Blackjack Rules Around The World

Blackjack Rules Around The World


This is part of a series about Blackjack Strategy Guide:

1 How to Play Blackjack 2 Blackjack Trainer 3 Blackjack Basic Strategy 4 Blackjack Charts 5 Blackjack Odds 6 Blackjack Side Bets 7 Blackjack Myths8 Guide To Online Blackjack 9 What Are Blackjack Tournaments? 10 Blackjack Legends 11 Choosing A Blackjack Table 12 Variants Of Blackjack 13 Blackjack Rules Around The World 14 How To Win At Blackjack


In this chapter, we will take a look at what players can expect should they find themselves playing blackjack abroad. There are subtle changes around the globe in how the game is played. These changes can also be experienced when playing online if not using a UK-based site.

In this article, we're going to discuss:

For example, casinos around the world tend to use six-decks on tables, with 1 or 2 decks rare, but in the US, smaller decks are more prevalent. Another aspect where the US differs from many other countries is its tendency to pay only 6/5 for blackjack including in the variants mentioned in the previous chapter. In the UK, a pay-out of 3/2 is more likely, and variants of the game are harder to find. Always check odds for blackjack abroad.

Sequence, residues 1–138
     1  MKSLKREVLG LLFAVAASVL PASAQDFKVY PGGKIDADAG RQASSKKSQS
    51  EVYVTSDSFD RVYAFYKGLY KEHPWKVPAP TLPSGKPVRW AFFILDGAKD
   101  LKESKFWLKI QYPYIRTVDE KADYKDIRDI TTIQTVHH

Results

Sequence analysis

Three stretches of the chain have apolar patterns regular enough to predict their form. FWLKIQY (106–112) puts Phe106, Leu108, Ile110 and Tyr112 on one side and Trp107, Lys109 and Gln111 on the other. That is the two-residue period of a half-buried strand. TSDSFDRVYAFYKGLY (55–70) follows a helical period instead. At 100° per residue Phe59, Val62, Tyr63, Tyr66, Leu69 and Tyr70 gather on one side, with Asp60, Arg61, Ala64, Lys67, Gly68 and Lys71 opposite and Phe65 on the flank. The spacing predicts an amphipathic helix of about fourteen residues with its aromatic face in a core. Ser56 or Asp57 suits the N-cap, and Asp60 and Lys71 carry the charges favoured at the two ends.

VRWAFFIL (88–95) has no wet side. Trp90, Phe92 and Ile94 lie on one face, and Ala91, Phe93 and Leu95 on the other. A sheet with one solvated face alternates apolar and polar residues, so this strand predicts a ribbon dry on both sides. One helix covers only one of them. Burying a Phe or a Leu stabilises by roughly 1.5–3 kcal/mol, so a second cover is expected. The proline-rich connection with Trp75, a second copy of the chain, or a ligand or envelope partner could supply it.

In the following sections, we will examine three key aspects of the game that can vary according to where you are: the dealers down card, surrender and insurance.




In most UK and European casinos, and live casinos too, that have the European No-Hole-Card Rule (ENHC), when a player decides to split a pair or double down and then loses to a dealer blackjack, the player loses all stakes. 

The US is different in most casinos, as the dealer looks at the down card and if they have blackjack, players cannot split or double. The dealer also takes their second card before players decide what to do. In the UK, the dealer tends to wait until players act on hands. This is known as the No Hole Card rule, an important rule to know when playing blackjack abroad

The ENHC is thought to increase the house edge by 0.11%, and requires certain changes to the basic strategy. For example, with six decks, dealer hitting on s17, no surrender and doubling after pair splitting, the following changes would need to be implemented:

1. Hit Ace-Ace vs dealer Ace (rather than splitting)

2. Hit hard 11 v dealer 10 (rather than doubling)

3. Hit pair of 8s v dealer 10 and Ace (rather than splitting)

So as the example suggests, with no hole card, it is rarely the right basic strategy to double or split against a dealer ten or ace. This is because a dealer blackjack will result in the loss of the split and double stakes. The only exception is with a pair of Aces against a dealer 10. In this example it is still correct to split.

The major change can be seen when a player gets a hard 11 against a dealer's 10. As example two shows, with American rules you double, as the player knows the dealer does not have an Ace as a hole card, (they peeked to check). With ENHC, the dealer can still draw an ace for a blackjack. The increase to the house edge increases due to hands lost to a dealer’s blackjack after doubling and splitting pairs. This is why in certain hands, as detailed above, players hit instead of increasing stakes. Such strategy changes are advised with the assumption that the surrender option is not available.